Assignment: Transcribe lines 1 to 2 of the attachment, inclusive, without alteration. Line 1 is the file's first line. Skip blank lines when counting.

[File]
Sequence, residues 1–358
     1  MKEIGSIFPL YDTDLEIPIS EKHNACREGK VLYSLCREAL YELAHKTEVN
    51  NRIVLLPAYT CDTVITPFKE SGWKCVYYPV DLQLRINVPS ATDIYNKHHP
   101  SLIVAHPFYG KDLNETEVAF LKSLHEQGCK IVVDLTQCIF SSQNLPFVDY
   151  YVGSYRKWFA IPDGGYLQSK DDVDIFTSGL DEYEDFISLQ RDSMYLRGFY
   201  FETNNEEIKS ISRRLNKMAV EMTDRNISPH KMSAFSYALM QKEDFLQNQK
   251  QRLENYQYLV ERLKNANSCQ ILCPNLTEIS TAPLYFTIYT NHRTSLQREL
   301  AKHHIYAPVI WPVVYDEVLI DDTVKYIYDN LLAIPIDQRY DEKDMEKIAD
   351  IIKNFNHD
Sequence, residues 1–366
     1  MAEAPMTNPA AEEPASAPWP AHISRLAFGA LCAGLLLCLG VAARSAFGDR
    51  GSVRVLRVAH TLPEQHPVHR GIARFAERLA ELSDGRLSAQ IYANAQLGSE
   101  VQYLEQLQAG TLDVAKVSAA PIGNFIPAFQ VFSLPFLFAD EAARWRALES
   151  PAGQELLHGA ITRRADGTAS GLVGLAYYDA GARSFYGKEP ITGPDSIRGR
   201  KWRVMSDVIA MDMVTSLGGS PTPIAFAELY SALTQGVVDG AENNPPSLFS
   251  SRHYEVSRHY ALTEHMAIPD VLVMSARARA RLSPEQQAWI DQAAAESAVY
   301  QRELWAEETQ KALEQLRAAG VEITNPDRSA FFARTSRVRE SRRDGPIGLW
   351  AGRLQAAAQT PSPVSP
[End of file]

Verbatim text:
Sequence, residues 1–358
     1  MKEIGSIFPL YDTDLEIPIS EKHNACREGK VLYSLCREAL YELAHKTEVN